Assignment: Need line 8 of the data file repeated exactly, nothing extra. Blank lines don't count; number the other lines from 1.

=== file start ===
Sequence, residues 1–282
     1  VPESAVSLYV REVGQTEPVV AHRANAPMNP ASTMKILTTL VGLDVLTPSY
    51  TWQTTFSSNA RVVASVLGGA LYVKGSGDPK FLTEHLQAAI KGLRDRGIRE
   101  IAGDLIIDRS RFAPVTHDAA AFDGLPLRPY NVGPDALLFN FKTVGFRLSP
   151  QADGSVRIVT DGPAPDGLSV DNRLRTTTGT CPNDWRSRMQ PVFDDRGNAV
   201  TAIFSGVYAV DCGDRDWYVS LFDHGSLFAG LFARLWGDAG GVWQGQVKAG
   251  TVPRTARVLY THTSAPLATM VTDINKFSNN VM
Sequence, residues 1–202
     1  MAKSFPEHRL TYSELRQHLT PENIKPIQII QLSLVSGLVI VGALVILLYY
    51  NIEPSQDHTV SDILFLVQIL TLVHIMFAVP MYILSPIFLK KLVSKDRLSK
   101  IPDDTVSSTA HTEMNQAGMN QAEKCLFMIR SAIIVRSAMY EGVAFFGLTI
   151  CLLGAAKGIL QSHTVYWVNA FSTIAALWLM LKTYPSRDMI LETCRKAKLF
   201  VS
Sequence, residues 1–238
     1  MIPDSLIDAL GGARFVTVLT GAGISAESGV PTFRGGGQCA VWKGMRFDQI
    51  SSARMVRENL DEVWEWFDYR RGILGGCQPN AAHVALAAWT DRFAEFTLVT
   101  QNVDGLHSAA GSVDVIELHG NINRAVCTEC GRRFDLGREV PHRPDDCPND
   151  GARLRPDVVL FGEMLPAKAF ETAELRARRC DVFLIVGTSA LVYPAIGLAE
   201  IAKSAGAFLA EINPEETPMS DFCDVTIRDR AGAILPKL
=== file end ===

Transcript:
Sequence, residues 1–202